January 17, 2011

Baby it's cold here in Mexico - at least for this time of the year

NUEVO VALLARTA, Jalisco, Mexico - Along the Costalegre (which stretches from here past La Manzanilla to the south) today the emails and message boards were buzzing about how 'cold' it was.

In La Manz, some people said it was 52 degrees Fahrenheit this morning - with a high of 82 still predicted.

Brrr, brrr and, well, brrr.

I know such temperatures have people in northern climes laughing. (It is 21 degrees in Hector, NY as I write this). But when you live in the tropics, anything that is not, well, tropical, can be a shock, and maybe a problem.

For Admiral Fox and I, safely ensconsed this week in our condo in Puerto Vallarta with son Dustin, cool evening temps are no big deal. Close the doors and throw a blanket on the bed. But were we in Arroyo Seco, in the Gray Goose II Express trailer, it would not be as comfortable.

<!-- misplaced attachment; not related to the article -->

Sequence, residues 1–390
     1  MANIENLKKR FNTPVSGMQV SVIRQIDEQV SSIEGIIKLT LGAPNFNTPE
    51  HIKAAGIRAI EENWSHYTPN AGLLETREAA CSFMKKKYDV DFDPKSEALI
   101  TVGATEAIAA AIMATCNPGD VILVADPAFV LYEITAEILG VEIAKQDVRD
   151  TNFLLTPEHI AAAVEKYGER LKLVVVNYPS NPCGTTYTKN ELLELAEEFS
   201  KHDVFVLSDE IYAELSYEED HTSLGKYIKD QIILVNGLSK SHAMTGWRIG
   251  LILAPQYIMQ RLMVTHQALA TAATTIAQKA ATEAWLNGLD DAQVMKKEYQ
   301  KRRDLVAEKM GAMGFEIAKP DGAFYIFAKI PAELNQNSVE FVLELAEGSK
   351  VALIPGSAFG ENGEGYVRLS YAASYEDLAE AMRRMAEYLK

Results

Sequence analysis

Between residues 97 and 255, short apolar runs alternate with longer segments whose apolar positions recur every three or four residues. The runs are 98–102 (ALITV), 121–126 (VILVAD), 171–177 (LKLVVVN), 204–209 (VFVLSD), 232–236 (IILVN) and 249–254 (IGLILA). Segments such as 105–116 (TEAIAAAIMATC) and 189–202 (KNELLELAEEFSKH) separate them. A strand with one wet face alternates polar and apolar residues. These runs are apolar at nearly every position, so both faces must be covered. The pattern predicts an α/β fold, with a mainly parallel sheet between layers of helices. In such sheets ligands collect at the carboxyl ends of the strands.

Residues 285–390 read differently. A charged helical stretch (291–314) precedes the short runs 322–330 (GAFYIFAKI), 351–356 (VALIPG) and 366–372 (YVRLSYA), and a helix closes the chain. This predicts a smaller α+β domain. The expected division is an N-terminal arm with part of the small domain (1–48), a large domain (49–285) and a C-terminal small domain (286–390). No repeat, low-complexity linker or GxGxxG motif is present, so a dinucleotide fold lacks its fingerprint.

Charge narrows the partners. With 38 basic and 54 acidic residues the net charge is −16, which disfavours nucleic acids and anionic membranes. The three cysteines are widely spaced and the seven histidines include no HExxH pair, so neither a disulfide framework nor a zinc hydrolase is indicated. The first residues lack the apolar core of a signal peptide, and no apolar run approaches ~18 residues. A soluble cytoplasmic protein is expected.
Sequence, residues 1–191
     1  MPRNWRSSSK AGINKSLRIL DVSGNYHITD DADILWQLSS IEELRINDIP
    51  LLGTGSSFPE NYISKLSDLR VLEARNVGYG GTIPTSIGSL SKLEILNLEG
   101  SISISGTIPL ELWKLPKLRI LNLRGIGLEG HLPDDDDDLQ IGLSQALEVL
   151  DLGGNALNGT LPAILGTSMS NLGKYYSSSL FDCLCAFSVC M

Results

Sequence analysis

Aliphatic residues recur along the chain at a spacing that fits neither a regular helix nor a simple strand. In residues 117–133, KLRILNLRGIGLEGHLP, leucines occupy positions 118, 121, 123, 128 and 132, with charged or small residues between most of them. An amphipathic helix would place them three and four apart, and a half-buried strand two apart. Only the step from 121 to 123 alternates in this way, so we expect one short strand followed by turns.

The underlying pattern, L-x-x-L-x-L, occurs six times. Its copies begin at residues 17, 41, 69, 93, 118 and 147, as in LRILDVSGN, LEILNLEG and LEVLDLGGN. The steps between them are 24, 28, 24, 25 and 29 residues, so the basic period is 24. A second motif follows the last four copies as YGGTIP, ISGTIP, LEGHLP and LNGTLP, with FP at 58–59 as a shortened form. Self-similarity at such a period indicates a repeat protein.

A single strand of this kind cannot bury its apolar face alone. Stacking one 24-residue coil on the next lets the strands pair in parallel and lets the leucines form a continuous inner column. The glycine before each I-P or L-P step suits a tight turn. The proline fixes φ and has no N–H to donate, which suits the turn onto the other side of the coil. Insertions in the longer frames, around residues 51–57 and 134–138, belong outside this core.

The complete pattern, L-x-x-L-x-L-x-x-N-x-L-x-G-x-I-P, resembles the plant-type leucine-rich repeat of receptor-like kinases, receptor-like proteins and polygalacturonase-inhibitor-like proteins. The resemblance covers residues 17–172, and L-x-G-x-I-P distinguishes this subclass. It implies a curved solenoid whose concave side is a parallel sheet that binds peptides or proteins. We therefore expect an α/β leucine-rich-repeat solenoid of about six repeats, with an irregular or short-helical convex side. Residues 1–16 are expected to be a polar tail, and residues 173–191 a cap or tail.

We'll hope for a spike in temperatures before we head back south at the end of the week to Arroyo Seco.

Coming home from school
Admiral Fox is ending up a three-week language class on Friday, a class she has really enjoyed and believes has helped her ability to be able to gossip, er, I mean talk, with the Mexican women in Arroyo Seco.

I do notice already that when I fire smart-ass Spanish frases in her direction, she understands a lot more now.

No more telling store clerks that the woman in line with me is my mother. (I really only did that a few times, because the store clerks usually looked at me and said that they thought I was her father.)

When we go back to Arroyo Seco, we will also get to see how much progress has been made on a house being built on Playa Grande by our amigo Jim Monaco.